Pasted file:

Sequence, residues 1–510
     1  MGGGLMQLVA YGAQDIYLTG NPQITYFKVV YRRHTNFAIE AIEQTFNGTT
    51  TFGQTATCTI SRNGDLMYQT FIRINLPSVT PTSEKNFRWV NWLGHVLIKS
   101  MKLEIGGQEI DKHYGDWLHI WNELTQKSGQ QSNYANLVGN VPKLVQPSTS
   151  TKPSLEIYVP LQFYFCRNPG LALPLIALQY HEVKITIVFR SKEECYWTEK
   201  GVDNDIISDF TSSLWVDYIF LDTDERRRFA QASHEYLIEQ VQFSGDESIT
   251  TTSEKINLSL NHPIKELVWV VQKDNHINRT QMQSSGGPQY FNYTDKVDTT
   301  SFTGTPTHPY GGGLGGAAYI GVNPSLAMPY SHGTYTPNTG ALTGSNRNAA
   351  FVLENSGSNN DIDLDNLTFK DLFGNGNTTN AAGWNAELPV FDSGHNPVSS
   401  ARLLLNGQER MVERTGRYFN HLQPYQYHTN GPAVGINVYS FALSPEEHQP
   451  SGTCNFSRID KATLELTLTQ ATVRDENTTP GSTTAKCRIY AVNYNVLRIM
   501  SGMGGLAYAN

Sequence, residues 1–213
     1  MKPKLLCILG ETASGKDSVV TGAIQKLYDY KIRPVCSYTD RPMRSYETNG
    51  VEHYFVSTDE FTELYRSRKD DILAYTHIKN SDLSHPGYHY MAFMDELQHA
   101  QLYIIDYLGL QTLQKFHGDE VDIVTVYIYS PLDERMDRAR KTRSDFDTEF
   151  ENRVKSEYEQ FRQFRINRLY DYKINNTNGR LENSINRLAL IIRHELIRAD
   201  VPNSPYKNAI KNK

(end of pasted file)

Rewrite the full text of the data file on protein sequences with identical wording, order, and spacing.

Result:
Sequence, residues 1–510
     1  MGGGLMQLVA YGAQDIYLTG NPQITYFKVV YRRHTNFAIE AIEQTFNGTT
    51  TFGQTATCTI SRNGDLMYQT FIRINLPSVT PTSEKNFRWV NWLGHVLIKS
   101  MKLEIGGQEI DKHYGDWLHI WNELTQKSGQ QSNYANLVGN VPKLVQPSTS
   151  TKPSLEIYVP LQFYFCRNPG LALPLIALQY HEVKITIVFR SKEECYWTEK
   201  GVDNDIISDF TSSLWVDYIF LDTDERRRFA QASHEYLIEQ VQFSGDESIT
   251  TTSEKINLSL NHPIKELVWV VQKDNHINRT QMQSSGGPQY FNYTDKVDTT
   301  SFTGTPTHPY GGGLGGAAYI GVNPSLAMPY SHGTYTPNTG ALTGSNRNAA
   351  FVLENSGSNN DIDLDNLTFK DLFGNGNTTN AAGWNAELPV FDSGHNPVSS
   401  ARLLLNGQER MVERTGRYFN HLQPYQYHTN GPAVGINVYS FALSPEEHQP
   451  SGTCNFSRID KATLELTLTQ ATVRDENTTP GSTTAKCRIY AVNYNVLRIM
   501  SGMGGLAYAN

Sequence, residues 1–213
     1  MKPKLLCILG ETASGKDSVV TGAIQKLYDY KIRPVCSYTD RPMRSYETNG
    51  VEHYFVSTDE FTELYRSRKD DILAYTHIKN SDLSHPGYHY MAFMDELQHA
   101  QLYIIDYLGL QTLQKFHGDE VDIVTVYIYS PLDERMDRAR KTRSDFDTEF
   151  ENRVKSEYEQ FRQFRINRLY DYKINNTNGR LENSINRLAL IIRHELIRAD
   201  VPNSPYKNAI KNK